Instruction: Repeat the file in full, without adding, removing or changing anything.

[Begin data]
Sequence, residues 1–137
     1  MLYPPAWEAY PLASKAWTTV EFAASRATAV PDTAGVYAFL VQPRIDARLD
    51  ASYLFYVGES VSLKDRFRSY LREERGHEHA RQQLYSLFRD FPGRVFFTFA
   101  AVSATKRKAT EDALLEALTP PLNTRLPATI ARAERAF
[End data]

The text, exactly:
Sequence, residues 1–137
     1  MLYPPAWEAY PLASKAWTTV EFAASRATAV PDTAGVYAFL VQPRIDARLD
    51  ASYLFYVGES VSLKDRFRSY LREERGHEHA RQQLYSLFRD FPGRVFFTFA
   101  AVSATKRKAT EDALLEALTP PLNTRLPATI ARAERAF